Ex­ports: A suc­cess­ful shift

Ukrainian ex­ports to the EU have reached record vol­umes and con­tinue to rise sharply. But the po­ten­tial for eco­nomic in­te­gra­tion is far from be­ing used ef­fec­tively

The Ukrainian Week - - CONTENTS - Olek­sandr Kra­mar

Ukrainian ex­ports to the EU have reached record vol­umes, but the po­ten­tial for eco­nomic in­te­gra­tion is far from be­ing used ef­fec­tively

On Septem­ber 16, it was four years since Ukraine rat­i­fied its Agree­ment on As­so­ci­a­tion with the Euro­pean Union. It’s also nearly three years since the eco­nomic sec­tion on the deep and com­pre­hen­sive free trade area kicked in at the be­gin­ning of 2016. Mean­while, this en­tire time — and even more so now that the 2019 elec­tion year is on the hori­zon — ret­ro­grade forces in Ukraine have been per­sis­tently and con­sis­tently putting it out in the do­mes­tic press that the coun­try’s eco­nomic shift to­wards the EU and the loss of sup­pos­edly tra­di­tional post-soviet mar­kets — read the Rus­sian Fed­er­a­tion and its satel­lites — has sup­pos­edly had a cat­a­strophic im­pact on Ukraine’s econ­omy and its growth prospects. Un­for­tu­nately, skep­ti­cism about the com­pet­i­tive­ness of “Made in Ukraine” prod­ucts on Euro­pean mar­kets and tired clichés about no­body want­ing Ukrainian goods with high added value there are also fairly com­mon among those who have per­sis­tently and con­sis­tently been against any re­turn to Rus­sia’s or­bit.

The ac­tual dy­nam­ics of bi­lat­eral trade with the EU I re­cent years paint a com­pletely dif­fer­ent pic­ture, es­pe­cially re­gard­ing the growth of sales to EU coun­tries. Ex­ports to the EU hit their peak last year, when they passed the €15.5 bil­lion mark. And they keep on ris­ing. For the first eight months of 2018, they are up an­other 18.6% ac­cord­ing to the State Fis­cal Ser­vice. Their share of to­tal ex­ports has also gone up from 40.0% to 42.1%. In­deed, in 12 of the 25 non-oc­cu­pied re­gions of Ukraine, ex­ports to the EU are be­tween 50% and 90% of to­tal ex­ports. What’s more, this is true not only of tra­di­tion­ally Europe-ori­ented west­ern Ukraine, but also east­ern­most Luhansk and Donetsk Oblasts, where ex­ports to the EU also ac­count for 50.0% of all ex­ports and are higher than many re­gions in cen­tral Ukraine.

Over­all, Ukraine’s ex­ports, in­clud­ing to other parts of the world, are largely well be­low, and even sev­er­al­fold be­low, their pre­vi­ous peaks in 2008 or 2013. This demon­strates just how sig­nif­i­cant Ukraine’s re­ori­en­ta­tion on EU mar­kets has been in the last few years (see charts).

Of course, these trends in bi­lat­eral trade since the AA and DCFTA came into ef­fect are bring­ing more ben­e­fits to Ukraine than to the EU. Fears that Ukraine’s sup­pos­edly un­pro­tected mar­ket will be flooded with Euro­pean goods ap­peared com­pletely ground­less. The re­al­ity is quite dif­fer­ent: Ukrainian ex­ports to the EU grew from €12.62bn in 2013 to €15.52bn in 2017, an in­crease of 23.0%. Mean­while, EU im­ports to Ukraine con­tracted by 9.6%, fall­ing from €20.36bn to €18.41bn over the same pe­riod — and this de­spite the fact that re­verse de­liv­er­ies of nat­u­ral gas, worth €0.64bn in 2013, nearly tripled to €1.70bn in 2017. If gas is taken out of the equa­tion, then the bal­ance of trade deficit for Ukraine fell from €7.1bn in 2013 to less than €1.2bn last year. What’s even more im­pres­sive is that the strong­est growth in Ukrainian ex­ports to the EU was not in raw ma­te­ri­als but in fin­ished prod­ucts and parts, in­clud­ing for ma­chine-build­ing.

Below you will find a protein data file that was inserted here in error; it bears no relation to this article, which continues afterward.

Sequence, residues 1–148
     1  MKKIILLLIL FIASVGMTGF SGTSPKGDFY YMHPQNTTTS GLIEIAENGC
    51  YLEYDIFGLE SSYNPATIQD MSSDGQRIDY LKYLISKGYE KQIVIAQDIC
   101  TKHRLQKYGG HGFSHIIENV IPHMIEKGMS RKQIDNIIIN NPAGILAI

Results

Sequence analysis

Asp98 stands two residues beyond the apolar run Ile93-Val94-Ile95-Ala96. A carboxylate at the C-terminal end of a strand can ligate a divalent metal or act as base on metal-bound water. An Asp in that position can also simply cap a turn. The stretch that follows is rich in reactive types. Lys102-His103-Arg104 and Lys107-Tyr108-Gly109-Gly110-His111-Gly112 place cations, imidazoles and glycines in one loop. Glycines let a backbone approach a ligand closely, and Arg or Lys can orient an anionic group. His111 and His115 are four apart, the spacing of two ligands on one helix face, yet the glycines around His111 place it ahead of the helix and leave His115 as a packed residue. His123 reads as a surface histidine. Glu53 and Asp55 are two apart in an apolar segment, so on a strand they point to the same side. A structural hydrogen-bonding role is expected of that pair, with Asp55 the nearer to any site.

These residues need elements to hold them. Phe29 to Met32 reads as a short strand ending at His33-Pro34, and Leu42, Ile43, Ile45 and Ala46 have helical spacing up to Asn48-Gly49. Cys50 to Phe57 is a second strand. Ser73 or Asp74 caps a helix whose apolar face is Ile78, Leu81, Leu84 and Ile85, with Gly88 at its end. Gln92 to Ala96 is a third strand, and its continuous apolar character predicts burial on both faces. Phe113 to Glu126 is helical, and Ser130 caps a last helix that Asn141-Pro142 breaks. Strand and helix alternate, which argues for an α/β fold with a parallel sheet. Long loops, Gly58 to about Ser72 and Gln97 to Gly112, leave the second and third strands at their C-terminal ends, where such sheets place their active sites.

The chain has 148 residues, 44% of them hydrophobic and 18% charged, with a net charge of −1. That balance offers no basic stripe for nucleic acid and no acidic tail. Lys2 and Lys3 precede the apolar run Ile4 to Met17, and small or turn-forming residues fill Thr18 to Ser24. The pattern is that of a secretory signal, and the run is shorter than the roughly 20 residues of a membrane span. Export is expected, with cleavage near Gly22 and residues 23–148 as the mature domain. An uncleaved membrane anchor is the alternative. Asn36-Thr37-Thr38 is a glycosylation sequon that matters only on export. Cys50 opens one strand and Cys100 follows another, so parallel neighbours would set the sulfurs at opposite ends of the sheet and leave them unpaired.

It seems, then, that the real threat is that Ukrainian man­u­fac­tur­ers are suc­ceed­ing on the Euro­pean mar­ket and Ukraine’s econ­omy is re­ori­ent­ing to­wards the EU once and for all. Hence the very ac­tive bom­bard­ment of neg­a­tive state­ments about the lack of prospects for “Made in Ukraine” in the do­mes­tic press. Be­cause this clear and grow­ing suc­cess — in­evitable dif­fi­cul­ties with grow­ing mar­ket share not­with­stand­ing — will put an end to nos­tal­gia over the myth­i­cal “lost par­adise” on the “salu­tary” Rus­sian and post-soviet mar­kets whose pur­pose is to dis­cour­age po­ten­tial do­mes­tic ex­porters who have not found the courage or op­por­tu­nity to in­ves­ti­gate niches on the EU mar­ket as well as the gen­eral pub­lic. The longer the op­po­site is proved, the sooner the ar­gu­ments of those who fa­vor the “in­evitable re­turn to tra­di­tional mar­kets” will lose any sense what­so­ever.